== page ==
Gandy’s fear is based on cases like Brittney Poolaw, a Native American woman in Oklahoma who was convicted last year of manslaughter after having a miscarriage; Purvi Patel, an Indian American woman from Indiana who was convicted and sentenced to 20 years in 2015 for inducing an abortion (her sentence was overturned a year later after a massive national outcry); and Bei Bei Shuai, a Chinese immigrant, also in Indiana, who was convicted of feticide after attempting suicide (she too had her charges eventually dropped after public pressure).

“More than half of women who seek abortions are already mothers,” said Gandy. “So, if we’re now going to start throwing these pregnant people in jail, who’s going to be taking care of these kids?”

Gandy is also disturbed by the timing of the new anti-abortion laws that empower private citizens to sue individuals over abortions, such as SB 8 in Texas. “It is particularly nefarious that this is going on at a time of economic crisis,” she said.

With rising inflation, interest rates, and gas prices, “we have states that are capitalizing on people’s financial struggles to encourage them to snitch on the private behavior of their neighbors on the off chance that they are going to be able to collect on this $10,000 bounty,” she added.

Meanwhile, Congress has failed to ensure financial support for low-income parents, dropping the ball on renewing the child tax credit, and passing paid family and medical leave legislation.

The horror that the U.S. is sliding toward could have been avoided had Democrats codified reproductive rights into law during any of the times they have been in control of both houses of Congress and the presidency in the decades since the Roe v. Wade Supreme Court decision. Their inaction, even in the face of concerted anti-abortion activism and resulting successes, is unconscionable.

A legislative effort that was too little, too late, came this past March in the form of the Women’s Health Protection Act, which would have legalized abortion. But it failed to pass the Democratic-controlled Senate, with Vox describing the bill as “primarily for messaging,” and asserted that its failure to pass “makes the case for a larger Democratic majority.”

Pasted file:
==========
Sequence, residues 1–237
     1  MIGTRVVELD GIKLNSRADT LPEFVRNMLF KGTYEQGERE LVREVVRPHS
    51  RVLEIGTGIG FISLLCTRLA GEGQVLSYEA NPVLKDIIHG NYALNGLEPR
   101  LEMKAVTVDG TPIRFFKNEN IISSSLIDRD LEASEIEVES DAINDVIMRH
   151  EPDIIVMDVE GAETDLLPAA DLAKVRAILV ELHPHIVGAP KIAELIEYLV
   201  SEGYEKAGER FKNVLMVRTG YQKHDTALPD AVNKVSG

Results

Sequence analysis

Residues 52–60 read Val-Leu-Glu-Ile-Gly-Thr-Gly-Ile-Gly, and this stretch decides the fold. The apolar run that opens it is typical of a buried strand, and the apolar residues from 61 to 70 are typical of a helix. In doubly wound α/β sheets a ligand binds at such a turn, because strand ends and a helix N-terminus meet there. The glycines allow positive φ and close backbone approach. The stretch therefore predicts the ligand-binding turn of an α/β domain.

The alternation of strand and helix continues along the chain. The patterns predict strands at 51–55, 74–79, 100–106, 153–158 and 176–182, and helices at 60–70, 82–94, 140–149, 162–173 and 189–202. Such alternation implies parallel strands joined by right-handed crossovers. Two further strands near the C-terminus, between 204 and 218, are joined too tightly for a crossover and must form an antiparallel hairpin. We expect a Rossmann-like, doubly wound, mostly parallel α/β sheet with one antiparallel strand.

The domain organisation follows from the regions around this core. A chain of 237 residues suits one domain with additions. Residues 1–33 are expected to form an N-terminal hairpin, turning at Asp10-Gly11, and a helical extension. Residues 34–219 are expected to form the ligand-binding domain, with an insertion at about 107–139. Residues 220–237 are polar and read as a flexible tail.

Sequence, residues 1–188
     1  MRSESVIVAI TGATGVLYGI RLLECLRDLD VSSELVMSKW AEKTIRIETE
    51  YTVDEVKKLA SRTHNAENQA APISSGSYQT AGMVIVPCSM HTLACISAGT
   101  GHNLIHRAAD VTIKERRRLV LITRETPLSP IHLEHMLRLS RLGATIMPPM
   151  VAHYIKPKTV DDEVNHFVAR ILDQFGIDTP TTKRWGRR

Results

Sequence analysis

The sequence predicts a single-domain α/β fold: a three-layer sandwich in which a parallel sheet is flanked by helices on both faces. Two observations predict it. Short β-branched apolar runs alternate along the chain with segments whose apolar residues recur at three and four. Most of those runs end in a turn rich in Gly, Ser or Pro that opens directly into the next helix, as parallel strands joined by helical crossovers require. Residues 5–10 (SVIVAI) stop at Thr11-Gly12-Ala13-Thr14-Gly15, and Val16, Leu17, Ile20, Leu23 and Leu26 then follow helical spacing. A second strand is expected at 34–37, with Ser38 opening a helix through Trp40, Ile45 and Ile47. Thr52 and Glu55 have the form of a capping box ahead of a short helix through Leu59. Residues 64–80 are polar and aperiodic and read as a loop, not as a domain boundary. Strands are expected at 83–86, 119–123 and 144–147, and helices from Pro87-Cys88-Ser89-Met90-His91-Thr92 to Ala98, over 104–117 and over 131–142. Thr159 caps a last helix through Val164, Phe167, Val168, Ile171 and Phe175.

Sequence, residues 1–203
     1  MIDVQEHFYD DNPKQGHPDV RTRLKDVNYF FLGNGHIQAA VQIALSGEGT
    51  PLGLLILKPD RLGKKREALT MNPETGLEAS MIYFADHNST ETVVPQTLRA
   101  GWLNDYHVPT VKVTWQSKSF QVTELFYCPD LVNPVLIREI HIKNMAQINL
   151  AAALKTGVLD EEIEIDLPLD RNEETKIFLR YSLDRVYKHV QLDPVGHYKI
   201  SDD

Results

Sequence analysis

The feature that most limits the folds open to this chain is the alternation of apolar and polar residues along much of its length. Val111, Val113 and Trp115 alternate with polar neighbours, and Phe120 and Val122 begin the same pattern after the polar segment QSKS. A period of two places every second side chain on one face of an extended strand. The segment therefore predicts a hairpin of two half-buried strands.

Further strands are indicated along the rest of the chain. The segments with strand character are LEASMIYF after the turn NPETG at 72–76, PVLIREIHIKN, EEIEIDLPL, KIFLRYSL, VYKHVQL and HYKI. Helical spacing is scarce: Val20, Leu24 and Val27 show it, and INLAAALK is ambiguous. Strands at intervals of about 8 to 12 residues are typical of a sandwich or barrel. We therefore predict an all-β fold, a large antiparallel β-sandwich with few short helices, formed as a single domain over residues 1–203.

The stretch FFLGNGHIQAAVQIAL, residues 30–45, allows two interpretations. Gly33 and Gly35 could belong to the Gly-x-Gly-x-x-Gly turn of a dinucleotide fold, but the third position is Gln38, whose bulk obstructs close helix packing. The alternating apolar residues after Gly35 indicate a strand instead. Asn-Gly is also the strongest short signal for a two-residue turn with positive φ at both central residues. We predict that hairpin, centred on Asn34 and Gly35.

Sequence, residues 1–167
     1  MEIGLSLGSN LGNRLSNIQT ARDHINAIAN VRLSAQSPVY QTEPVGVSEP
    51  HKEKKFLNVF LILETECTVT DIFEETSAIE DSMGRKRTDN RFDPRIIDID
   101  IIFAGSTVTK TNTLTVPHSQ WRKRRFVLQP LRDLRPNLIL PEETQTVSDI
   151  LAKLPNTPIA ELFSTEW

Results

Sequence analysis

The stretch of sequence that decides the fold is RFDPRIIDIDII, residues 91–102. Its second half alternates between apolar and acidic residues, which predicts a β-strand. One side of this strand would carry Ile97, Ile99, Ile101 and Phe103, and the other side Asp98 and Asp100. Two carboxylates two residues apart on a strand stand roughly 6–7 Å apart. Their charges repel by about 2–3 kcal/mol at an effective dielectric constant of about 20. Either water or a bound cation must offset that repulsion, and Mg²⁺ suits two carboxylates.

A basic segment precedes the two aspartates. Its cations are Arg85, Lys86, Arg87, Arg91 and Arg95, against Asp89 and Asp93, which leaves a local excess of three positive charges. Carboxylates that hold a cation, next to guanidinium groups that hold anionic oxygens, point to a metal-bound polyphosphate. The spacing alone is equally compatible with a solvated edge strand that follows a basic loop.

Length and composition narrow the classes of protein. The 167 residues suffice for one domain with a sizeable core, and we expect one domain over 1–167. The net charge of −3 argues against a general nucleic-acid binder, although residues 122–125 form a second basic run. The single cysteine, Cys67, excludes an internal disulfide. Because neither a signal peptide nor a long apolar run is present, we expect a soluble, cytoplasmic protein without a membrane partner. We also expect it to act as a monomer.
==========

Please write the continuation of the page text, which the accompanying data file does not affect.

Democratic Senator Joe Manchin of West Virginia, as well as the two sole pro-abortion Republican senators, Lisa Murkowski of Alaska and Susan Collins of Maine, also voted against the bill, making clear their support for abortion rights is mere lip service.

Asleep at the wheel, lawmakers have left Americans at the mercy of a vocal minority intent on criminalizing abortion while caring little about financial support for parents.

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  1. DJG, Reality Czar

    This article is a reminder of how much class warfare dominates U.S. politics. U.S. feminism has largely been dominated by upper-middle-class white women, who have been concerned mainly with careerism. This is borne out in a milder way in the mess that is day care for children in the U.S. of A. The lack of access to day care for working-class women and even middle-class women is instructive, and speaking of instruction, some teachers pointed out that the impetus to get kids back into schools often turned into schools as day care.

    As Naked Capitalism has pointed out many times, both Yves Smith and Lambert Strether, the political parties were able to raise money off the issue. For the Democrats, fundraising led to inaction on an issue that matters to their base. Quelle surprise, the Democrats once more selling out their base. Again, Democrats prove to be bad tacticians.

    There is also a saying that anti-Catholicism is the anti-Semitism of the left, and many abortion-rights activists focused on Catholicism while not noticing that their Baptist cousins were more organized and more vociferous. Another case of bad tacticians, I’d venture.

    I note the use of the locution “people” and “persons.” Now that we have men who are pregnant (although in what numbers? Dozens?), I am reminded of the old feminist saying, If men could get pregnant, abortion would be a sacrament.

    We are witnessing otherwise. As I have been wondering lately, gender itself has it uses and is not what is oppressing people. Inequality oppresses people. We have to have politics rather than psychologizing (and I’m noting how many Western commentators go on and on about Putin’s mental states… another feckless tactic).

    The question of abortion as a right is a question of power. It should be addressed politically. It hasn’t been, because liberals don’t like politics and won’t stay the course, and here we are.

    1. digi_owl

      It is interesting though that besides talk about a nebulous “middle class” any class based political talk in USA is anathema.